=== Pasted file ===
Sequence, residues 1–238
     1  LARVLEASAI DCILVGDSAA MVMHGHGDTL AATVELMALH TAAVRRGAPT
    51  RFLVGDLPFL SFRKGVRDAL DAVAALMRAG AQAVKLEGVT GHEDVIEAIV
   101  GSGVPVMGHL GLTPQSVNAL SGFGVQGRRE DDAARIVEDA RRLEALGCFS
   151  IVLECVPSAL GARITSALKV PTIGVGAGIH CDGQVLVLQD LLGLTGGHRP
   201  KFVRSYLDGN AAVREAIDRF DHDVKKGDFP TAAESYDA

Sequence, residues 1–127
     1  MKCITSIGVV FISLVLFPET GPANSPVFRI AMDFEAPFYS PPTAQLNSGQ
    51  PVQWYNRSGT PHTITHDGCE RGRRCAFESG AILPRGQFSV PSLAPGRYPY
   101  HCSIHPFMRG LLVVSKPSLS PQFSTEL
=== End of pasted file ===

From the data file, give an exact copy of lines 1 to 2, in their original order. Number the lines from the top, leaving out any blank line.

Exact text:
Sequence, residues 1–238
     1  LARVLEASAI DCILVGDSAA MVMHGHGDTL AATVELMALH TAAVRRGAPT